In addition to processing more and more data, many organizations are now moving away from the monolithic ERP implementations of the past. Instead, they are looking to integrate their new core ERP instances with complementary enterprise applications to accelerate time to value, while adding flexibility and scalability into their digital ecosystem.

Internet of Things (IoT) and artificial intelligence (AI) deployments are also growing fast. By 2022, Gartner predicts that 65 percent of organizations will have integrated AI into their ERP systems. And AI, like many other business systems, will only ever be as good as the data available to it.

The importance of modern data integration

The challenge for all organizations is ensuring that only so-called “trusted” data enters their ERP systems. In addition to a robust integration strategy that spans both internal and external systems, best practices involve using enterprise data management capabilities that can handle data from virtually any data source. This helps to both ensure the accuracy and quality of information, and to maintain that quality throughout its entire lifecycle.

Modern ERP integration solutions address the critical aspects of connecting systems, as well as managing data quality as part of integration. This can include a range of activities, from simple minimum content validations to elaborate workflows involving checks against reference and master data sets.

Applying these measures mitigates data conflicts and quality inconsistencies within the ERP and other systems. This is critical to ensure timely and secure access to consolidated, clean and accurate data.

It’s not just about technology

The key to success is having the right capabilities and deploying them in an optimal way. This requires modern integration and data management technologies, as well as the expertise to wield them. However, it is often a complex undertaking to build solutions that effectively address data quality across different systems, scenarios and data types in an organization’s specific business context. Without proper planning and management, taking on such an effort can quickly turn into an expensive mess.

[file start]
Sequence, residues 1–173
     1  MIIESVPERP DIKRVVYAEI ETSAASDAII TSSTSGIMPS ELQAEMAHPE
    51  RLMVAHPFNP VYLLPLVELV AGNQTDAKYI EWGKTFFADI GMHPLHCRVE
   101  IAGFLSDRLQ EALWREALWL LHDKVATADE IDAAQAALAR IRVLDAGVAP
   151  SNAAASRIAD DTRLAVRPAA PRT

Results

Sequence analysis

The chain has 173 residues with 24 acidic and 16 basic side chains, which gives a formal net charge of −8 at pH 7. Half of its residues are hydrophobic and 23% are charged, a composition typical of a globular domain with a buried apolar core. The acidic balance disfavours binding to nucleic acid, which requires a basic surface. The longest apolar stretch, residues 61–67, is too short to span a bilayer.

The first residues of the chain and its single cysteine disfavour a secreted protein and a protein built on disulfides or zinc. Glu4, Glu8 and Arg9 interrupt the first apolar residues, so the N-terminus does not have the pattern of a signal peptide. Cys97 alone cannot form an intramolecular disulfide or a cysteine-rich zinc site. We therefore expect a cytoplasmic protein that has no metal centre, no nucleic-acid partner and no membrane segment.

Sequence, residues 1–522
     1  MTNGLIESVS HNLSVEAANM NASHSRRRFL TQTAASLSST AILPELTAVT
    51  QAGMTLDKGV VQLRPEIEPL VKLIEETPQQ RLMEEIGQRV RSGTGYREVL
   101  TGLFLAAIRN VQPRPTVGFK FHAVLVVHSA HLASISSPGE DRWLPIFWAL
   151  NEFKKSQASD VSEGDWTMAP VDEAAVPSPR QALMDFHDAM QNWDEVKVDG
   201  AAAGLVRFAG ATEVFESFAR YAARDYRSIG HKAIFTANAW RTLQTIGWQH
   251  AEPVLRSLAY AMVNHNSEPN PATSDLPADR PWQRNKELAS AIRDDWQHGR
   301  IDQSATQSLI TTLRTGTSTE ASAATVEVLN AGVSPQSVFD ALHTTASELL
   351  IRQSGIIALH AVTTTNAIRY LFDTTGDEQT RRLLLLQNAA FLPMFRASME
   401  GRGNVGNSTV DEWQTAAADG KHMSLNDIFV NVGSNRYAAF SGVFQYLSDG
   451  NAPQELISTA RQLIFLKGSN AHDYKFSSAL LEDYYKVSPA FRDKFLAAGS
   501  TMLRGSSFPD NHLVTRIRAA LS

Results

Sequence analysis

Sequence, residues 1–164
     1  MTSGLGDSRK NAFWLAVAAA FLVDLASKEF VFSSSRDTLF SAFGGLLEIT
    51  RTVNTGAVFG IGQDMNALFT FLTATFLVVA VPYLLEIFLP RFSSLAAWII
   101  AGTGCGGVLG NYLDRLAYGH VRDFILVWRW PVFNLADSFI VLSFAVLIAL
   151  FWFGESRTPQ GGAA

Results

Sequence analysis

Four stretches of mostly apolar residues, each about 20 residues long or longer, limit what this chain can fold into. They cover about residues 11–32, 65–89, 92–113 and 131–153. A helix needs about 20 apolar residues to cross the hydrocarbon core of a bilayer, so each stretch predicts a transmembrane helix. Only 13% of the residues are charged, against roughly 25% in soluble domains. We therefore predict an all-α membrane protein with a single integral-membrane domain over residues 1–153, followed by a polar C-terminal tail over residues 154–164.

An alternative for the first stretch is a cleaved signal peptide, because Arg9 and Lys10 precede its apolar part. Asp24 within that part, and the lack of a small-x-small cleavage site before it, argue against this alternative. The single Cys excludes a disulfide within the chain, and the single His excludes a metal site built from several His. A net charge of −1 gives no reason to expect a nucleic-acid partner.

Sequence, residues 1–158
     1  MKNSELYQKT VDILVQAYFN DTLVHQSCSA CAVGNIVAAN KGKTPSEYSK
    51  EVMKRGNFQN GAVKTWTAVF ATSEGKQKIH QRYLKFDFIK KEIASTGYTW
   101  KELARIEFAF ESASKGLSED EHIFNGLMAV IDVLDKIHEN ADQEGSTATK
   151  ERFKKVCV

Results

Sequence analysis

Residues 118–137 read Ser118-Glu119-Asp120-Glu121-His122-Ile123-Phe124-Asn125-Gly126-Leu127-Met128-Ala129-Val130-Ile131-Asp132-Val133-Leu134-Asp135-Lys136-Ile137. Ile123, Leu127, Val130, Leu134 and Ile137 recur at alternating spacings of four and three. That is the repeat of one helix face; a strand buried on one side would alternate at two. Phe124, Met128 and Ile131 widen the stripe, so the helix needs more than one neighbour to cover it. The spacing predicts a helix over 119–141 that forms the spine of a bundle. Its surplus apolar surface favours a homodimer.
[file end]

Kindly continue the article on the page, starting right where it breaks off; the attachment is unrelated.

That’s why it is essential to have the appropriate technology and skills available. It’s also vital to facilitate collaboration between technical and business stakeholders and to manage this engagement in a strategic way. To coordinate integration efforts and manage day-to-day operations systematically and efficiently, organizations can use integration managed services from providers like OpenText. Such an approach helps to deal with the complexities involved.

Whether your organization is looking to modernize its ERP system(s)—for example, by transitioning to SAP S/4HANA or adopting a cloud ERP like NetSuite—or simply wants to maximize the value of its current ERP investment, it’s important to focus on integrations and your ability to ensure the quality of data as it moves between systems. These actions play a key role in helping you to achieve your goals.

Read the IDG white paper “ERP Modernization and Growing Data Challenges Drive 91% of Enterprises to Modernize Integration Solutions” to find out more about ERP integration and how companies are approaching related challenges.

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Ville Parkkinen

Ville Parkkinen is a Director of Product Marketing for Business Network at OpenText. Working closely with OpenText’s Product Management, Engineering, Solution Consulting and Sales teams, Ville enjoys taking complex technical concepts and translating them into tangible business value in customer context. Solution areas that Ville focuses on include digitization and automation of supply chain processes including order-to-cash and procure-to-pay; electronic invoicing solutions; B2B/EDI integration; data visibility and analytics; and managed integration services.